The Ontario SPCA launches new SPCA & Humane Society Pet Insurance

STOUFFVILLE, Ontario, Jan. 14, 2019 (GLOBE NEWSWIRE) — The Ontario SPCA and Humane Society believes animals deserve the best care possible, which is why we have decided to relaunch our insurance program with the new SPCA & Humane Society Pet Insurance offered by Petplan®.

By partnering with a global leading pet insurance provider in Petplan, this will ensure pets get the best treatment they need when an unexpected illness or injury occurs. Not only will pet owners enjoy the peace of mind that they’re helping protect their four-legged friends, but they can also feel good knowing that a portion of proceeds go back to SPCA’s and Humane Societies, like the Ontario SPCA and Humane Society to help animals in need.

The coverage through the SPCA & Humane Society Pet Insurance offered by Petplan is as unique as pet owners and their pets and can be customized to fit their needs and budget. It also offers one of the most comprehensive coverages and shortest waiting periods in the industry.

Planning for unforeseen health issues and accidents can help alleviate the financial burden and stress when a pet needs medical attention, giving pet owners peace of mind. According to Petplan claims data, one in three pets makes an unplanned trip to the vet each year—and Canadian pet parents spent an average of $1,103 per pet on unexpected veterinary expenses last year alone!

“As a not-for-profit organization  focused on animal wellness, we encourage pet owners to have a plan in place to ensure they are able to provide the necessary care for their pet should the unexpected occur,” says Daryl Vaillancourt, Chief of Humane Programs & Community Outreach, Ontario SPCA. “One of the best ways pet owners can help their pets, and protect themselves from unexpected costs, is pet insurance.”

Petplan is the pet insurance that’s trusted by shelters and helps animals in need. To get a quote or to learn more about the new SPCA & Humane Society Pet Insurance offered by Petplan visit gopetplan.ca/spcahs.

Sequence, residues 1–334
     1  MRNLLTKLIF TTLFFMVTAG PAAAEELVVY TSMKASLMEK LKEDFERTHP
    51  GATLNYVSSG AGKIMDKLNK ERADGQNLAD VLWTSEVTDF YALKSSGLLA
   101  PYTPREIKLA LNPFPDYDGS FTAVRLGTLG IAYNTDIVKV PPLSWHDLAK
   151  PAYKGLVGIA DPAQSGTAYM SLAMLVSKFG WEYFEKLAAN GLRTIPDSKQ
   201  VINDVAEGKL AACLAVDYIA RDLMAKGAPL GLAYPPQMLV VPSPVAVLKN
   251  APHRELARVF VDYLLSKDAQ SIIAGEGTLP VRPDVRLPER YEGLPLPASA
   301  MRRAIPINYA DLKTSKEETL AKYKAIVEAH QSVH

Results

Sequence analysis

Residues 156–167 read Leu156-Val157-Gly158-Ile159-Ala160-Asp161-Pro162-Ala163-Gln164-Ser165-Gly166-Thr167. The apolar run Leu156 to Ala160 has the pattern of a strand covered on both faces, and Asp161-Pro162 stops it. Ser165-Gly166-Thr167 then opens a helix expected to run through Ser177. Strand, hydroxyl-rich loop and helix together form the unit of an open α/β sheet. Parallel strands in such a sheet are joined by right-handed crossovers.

The Ontario SPCA and Humane Society

The Ontario SPCA and Humane Society is a registered charity, established in 1873. The Society and its network of animal welfare communities facilitate and provide for province-wide leadership on matters relating to the prevention of cruelty to animals and the promotion of animal well-being. Offering a variety of mission-based programs including community-based sheltering, animal wellness services, provincial animal transfers, shelter health & wellness, high-volume spay/neuter services, animal rescue, animal advocacy, Indigenous partnership programs and humane education, the Ontario SPCA is Ontario’s animal welfare charity.

Petplan

Petplan has built an industry-leading pet insurance policy for pet parents who demand a higher pedigree of care for their best friends. We’ve leveraged 40 years of global experience to create completely customizable coverage pet parents can feel confident in, and world-class claims service — 24 hours a day, every day.

Petplan’s innovative approach to pet insurance has been recognized by Forbes, Financial Times, Bloomberg, Inc. magazine, Smart CEO, the Communicator Awards, Ernst & Young and many others.

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Time to buy cattle price insurance

Market Update: Cow-calf producers should sell their feeders with the lofty futures and historically strong basis

By  | Grain News

Alberta packers were buying fed cattle in the range of $151 to $153 on a live basis in mid-October, up approximately $10 from a month earlier. While Alberta prices have been percolating higher, fed cattle values in Kansas have hovered around US$111 on a live basis over the past four weeks. Market-ready supplies of fed cattle in Western Canada appear to be tightening due to lower placements earlier in the spring. This has caused the Alberta fed cattle basis to strengthen.

Yearling prices continue to trade near 52-week highs. Medium- to larger-frame average-flesh 850-pound mixed steers were actively trading in the range of $203 to $210 in southern Alberta. Drier conditions throughout the summer caused cow-calf producers to market feeder cattle sooner than normal. This means available feeder cattle supplies in October and November are lower than anticipated.

U.S. cattle-on-feed inventories continue to run five to six per cent above year-ago levels. It appears fourth-quarter beef production will come in 200 million pounds above last year; similar year-over-year increases are expected in the first three quarters of 2019.